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Truth, as they say, is stranger than fiction. And some of the truths Prof Sue Black and her forensics team from the University of Dundee, Scotland, have uncovered have been almost unbelievable.
A girl child prostitute from Victorian London riddled with syphilis; a boy probably murdered in the late 1700s and his body made into an articulated skeleton for sale to a medical student or surgeon; Jews so persecuted in the Middle Ages they were either thrown down a well and murdered or committed suicide to avoid death at the hands of others.
"It was a cruel world. But you only have to look at what happens on the news and you only have to look at our [modern-day] casebook to see it is still a pretty cruel world out there," Prof Black says.
A veteran of almost 30 years in anatomy and forensics, Prof Black leads a team of 14 including pathologists and a specialist who reconstructs lifelike faces on skulls.
Their day-to-day work includes working with the police on homicides and unexplained deaths as well as disaster victim identification in mass-carnage situations such as the London bombings and the Thailand tsunami.
A couple of years ago, Prof Black was approached by a production company with an idea for a documentary: A box of bones from years past, sometimes centuries past, already uncovered by an archaeologist, would be delivered to her laboratory and she and her team would be filmed as they tried to piece together how and why the owner or owners of the bones died. Each episode would end with the team "revealing" their likely death scenario to the archaeologists, academics and members of the public.
Prof Blacks says her initial reaction was to say no because her team's focus was not on archaeological forensics. But she decided her staff could still apply the same techniques and knowledge to old bones, and so History Cold Case was born.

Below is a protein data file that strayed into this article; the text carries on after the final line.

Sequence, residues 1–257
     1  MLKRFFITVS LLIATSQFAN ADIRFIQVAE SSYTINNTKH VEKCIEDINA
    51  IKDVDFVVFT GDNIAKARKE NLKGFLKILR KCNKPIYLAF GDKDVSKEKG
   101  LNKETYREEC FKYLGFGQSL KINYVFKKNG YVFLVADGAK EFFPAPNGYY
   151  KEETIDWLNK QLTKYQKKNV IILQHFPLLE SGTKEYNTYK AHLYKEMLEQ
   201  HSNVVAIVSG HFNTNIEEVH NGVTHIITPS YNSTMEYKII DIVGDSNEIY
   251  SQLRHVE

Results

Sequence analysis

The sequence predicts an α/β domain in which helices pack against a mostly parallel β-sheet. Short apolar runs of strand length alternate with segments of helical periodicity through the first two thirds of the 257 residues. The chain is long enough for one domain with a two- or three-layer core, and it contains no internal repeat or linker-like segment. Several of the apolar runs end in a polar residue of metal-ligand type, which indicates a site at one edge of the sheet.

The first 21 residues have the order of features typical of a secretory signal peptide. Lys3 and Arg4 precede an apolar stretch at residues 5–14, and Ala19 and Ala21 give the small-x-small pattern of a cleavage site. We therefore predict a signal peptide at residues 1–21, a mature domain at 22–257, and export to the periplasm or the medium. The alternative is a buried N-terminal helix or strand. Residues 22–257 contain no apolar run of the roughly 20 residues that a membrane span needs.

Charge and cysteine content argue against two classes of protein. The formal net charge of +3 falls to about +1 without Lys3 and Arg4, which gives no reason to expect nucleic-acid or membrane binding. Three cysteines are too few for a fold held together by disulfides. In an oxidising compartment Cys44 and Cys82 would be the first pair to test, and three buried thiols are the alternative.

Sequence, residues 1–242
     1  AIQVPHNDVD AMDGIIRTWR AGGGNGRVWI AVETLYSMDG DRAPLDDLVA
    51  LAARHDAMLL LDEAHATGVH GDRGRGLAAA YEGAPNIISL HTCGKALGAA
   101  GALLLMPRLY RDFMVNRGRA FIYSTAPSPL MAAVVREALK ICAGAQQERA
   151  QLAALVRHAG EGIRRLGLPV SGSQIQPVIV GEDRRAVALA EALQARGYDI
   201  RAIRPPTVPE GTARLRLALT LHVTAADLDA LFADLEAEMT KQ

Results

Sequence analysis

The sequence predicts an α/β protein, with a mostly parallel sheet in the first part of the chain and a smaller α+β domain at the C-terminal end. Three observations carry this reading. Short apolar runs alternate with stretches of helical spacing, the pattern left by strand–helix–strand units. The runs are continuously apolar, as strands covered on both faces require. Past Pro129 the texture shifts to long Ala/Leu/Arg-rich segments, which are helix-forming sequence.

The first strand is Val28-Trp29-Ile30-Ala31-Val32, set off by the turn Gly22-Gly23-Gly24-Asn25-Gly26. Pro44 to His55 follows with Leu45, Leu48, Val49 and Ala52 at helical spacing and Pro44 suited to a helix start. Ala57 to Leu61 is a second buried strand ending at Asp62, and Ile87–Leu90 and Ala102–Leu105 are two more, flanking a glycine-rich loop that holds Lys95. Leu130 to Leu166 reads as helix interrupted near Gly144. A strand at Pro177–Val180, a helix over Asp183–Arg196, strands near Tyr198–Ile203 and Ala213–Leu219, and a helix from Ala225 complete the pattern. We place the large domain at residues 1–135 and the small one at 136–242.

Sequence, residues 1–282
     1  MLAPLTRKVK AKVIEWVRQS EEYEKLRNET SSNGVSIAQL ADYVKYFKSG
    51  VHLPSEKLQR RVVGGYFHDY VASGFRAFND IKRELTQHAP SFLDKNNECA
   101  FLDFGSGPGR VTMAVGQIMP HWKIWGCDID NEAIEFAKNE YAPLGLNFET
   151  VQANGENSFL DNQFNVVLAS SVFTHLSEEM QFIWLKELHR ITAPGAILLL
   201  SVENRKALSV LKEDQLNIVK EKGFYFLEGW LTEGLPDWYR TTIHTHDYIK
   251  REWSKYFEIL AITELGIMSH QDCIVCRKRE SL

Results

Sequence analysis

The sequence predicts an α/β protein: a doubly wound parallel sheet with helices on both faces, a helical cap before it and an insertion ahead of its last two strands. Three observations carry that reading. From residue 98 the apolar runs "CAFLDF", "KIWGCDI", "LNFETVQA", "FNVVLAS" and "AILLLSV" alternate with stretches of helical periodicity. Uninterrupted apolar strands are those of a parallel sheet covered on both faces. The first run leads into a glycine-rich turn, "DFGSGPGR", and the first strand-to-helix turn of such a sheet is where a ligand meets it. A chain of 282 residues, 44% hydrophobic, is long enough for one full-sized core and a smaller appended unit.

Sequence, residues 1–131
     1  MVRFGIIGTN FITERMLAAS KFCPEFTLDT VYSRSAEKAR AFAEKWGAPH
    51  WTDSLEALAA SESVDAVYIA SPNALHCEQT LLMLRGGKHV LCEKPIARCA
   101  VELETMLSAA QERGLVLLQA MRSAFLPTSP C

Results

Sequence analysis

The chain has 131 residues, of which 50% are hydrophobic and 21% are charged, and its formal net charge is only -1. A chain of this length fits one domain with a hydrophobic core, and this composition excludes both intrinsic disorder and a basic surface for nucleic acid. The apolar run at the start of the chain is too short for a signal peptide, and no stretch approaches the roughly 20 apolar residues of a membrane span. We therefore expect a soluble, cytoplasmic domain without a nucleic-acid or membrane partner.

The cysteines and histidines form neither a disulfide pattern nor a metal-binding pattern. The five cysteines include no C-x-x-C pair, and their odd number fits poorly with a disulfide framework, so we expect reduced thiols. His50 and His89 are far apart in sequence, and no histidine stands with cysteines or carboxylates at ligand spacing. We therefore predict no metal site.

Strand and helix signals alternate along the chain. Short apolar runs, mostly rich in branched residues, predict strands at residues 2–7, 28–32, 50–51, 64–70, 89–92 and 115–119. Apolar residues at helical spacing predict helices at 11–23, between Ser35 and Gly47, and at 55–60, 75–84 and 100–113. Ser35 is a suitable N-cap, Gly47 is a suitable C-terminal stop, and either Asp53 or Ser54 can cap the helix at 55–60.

The programme is very genuine, she says.
"The producers literally put a box of bones in front of us and say: 'Go tell us what you can find out about it'.
"The investigations are real.
"There is nothing scripted. There is nothing about us knowing beforehand what is coming our way, so for us it is a bit scary."
Episode one involved "the most boring set of bones we've ever come across" she says.
"We were literally an hour before the reveal and we had absolutely nothing to tell these people. Then just at that moment - and I know it sounds contrived but it isn't - I was sitting looking at the bones when a shaft of light over my shoulder put an entirely different perspective on the bone surface and we saw something we hadn't seen before. That put the production company into mad overdrive like you wouldn't believe, and we got a story out of it."
So far, eight episodes have been made. Prof Black admits she has not watched any of them, preferring not to see herself on screen.
But she says the reaction has been "phenomenal', with each episode drawing a viewing audience of two million in the UK and resulting in her being sent many "incredibly kind" letters from viewers (and a few "decidedly odd" ones).
There is unlikely to be a third series, she says.
"For us, two series is probably enough, because it really does take up an inordinate amount of our time."
• History Cold Case premieres on Thursday at 8.30pm on BBC Knowledge.